Monday, June 24, 2019
  • Tuesday, Oct. 30, 2018
Actress-writer Waithe: Films fall short of ethnic equality
This combination photo shows Lena Waithe (left) at the Hollywood Foreign Press Association Grants Banquet in Beverly Hills on Aug. 9, 2018, and Hannah Gadsby at the 70th Primetime Emmy Awards in Los Angeles on Sept. 17, 2018. (Photo by Chris Pizzello/Invision/AP)
  • LOS ANGELES (AP)
  • --

Hollywood is falling short of ethnic equality despite black-led films including "Black Panther," actress and award-winning writer Lena Waithe said.

There are "a million 'La La Lands' every year. How often do we get a 'Moonlight'? How often do we get 'Black Panther'?" she said. "What to me will be true equality is when 'Black Panther' comes out and it's just like 'Captain America.'"

Waithe, an actress and Emmy-winning screenwriter with the streaming comedy "Master of None" who was in the film "Ready Player One," joined in conversation with comedian Hannah Gadsby at an Academy of Motion Picture Arts and Sciences lunch.

The event marked the launch of an academy initiative aimed at creating opportunities for female filmmakers to network and celebrate inclusiveness. It included presentation of a newly established Academy Gold Fellowship to young filmmaker Geeta Malik, writer-director of the award-winning online short "Aunty Gs" and films including "Beast" and "Troublemaker."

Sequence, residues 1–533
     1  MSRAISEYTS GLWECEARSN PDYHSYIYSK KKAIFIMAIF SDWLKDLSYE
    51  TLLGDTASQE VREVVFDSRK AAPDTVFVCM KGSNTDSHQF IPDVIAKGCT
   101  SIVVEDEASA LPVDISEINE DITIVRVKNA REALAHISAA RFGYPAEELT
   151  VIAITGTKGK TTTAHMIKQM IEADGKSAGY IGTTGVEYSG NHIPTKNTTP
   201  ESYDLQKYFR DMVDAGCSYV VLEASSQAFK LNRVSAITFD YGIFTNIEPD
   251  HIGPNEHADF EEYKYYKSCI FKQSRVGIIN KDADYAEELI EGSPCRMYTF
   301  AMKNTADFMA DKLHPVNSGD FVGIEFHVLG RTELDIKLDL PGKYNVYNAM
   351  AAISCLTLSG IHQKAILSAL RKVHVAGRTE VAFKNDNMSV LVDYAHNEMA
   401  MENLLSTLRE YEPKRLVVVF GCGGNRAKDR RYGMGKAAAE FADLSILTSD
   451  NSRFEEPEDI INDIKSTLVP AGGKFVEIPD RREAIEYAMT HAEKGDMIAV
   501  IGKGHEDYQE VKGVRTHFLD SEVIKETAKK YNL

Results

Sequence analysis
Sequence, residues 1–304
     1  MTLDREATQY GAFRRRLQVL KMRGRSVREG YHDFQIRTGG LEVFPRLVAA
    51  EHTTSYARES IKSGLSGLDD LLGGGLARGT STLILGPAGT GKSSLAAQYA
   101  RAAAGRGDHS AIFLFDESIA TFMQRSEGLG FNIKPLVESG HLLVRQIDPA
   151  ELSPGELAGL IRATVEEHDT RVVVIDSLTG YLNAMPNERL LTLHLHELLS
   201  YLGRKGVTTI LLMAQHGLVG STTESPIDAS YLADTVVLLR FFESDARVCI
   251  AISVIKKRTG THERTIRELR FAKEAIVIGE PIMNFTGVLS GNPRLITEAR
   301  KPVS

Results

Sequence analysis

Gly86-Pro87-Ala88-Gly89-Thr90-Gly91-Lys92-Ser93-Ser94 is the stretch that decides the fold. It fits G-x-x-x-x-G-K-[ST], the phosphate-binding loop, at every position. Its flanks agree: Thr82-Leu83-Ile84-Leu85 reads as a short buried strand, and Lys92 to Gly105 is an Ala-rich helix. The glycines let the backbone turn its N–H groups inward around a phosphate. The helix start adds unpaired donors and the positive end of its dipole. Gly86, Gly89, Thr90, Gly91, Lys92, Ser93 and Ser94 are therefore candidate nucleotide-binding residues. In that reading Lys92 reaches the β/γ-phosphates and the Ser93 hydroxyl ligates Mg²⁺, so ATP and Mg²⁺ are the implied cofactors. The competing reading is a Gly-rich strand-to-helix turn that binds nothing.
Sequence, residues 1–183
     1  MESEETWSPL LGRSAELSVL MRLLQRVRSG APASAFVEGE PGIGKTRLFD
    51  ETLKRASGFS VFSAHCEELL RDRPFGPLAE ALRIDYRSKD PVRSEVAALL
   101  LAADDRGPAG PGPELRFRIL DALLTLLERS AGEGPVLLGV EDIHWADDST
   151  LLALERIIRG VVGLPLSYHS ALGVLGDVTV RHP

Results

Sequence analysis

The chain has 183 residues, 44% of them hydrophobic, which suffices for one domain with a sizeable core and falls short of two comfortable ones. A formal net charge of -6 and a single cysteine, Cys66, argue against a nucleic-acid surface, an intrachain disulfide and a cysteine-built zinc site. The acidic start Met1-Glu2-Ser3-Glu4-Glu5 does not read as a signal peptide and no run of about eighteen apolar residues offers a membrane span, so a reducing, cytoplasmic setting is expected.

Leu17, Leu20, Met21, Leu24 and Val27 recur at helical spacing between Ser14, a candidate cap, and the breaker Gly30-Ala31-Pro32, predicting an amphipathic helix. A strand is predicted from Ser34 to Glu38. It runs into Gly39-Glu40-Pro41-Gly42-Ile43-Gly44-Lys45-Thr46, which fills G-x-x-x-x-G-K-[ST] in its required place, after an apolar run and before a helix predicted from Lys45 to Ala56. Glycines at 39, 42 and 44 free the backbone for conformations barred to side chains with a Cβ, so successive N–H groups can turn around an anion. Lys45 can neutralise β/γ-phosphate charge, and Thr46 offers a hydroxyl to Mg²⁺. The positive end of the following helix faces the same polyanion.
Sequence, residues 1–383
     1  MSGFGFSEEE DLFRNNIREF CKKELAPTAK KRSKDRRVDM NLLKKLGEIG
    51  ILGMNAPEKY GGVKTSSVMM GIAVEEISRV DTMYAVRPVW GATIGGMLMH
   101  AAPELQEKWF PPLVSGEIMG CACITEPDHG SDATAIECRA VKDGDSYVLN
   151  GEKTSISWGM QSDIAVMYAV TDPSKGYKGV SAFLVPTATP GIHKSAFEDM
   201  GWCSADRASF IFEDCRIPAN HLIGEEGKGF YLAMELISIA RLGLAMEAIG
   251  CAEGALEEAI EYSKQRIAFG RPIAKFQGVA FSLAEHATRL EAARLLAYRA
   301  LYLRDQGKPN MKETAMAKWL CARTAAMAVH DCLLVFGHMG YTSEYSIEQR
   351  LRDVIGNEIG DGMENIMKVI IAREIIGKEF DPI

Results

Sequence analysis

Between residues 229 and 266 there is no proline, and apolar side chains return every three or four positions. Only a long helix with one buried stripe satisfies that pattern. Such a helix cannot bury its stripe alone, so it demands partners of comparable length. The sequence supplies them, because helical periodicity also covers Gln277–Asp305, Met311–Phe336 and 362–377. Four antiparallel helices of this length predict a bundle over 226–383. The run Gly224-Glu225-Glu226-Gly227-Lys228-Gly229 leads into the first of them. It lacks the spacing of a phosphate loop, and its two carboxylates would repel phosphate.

Music legend and activist Annie Lennox also spoke at the event, making a case for "global feminism" to support women and girls in crisis worldwide.

Gadsby, the Australian comic who made a splash with her standup special "Nanette," said her autism has made her acutely aware of screen characters who are relegated to the "periphery" of the action.

She said television has become a "Trojan horse" that brings such sidelined characters into the forefront of stories.

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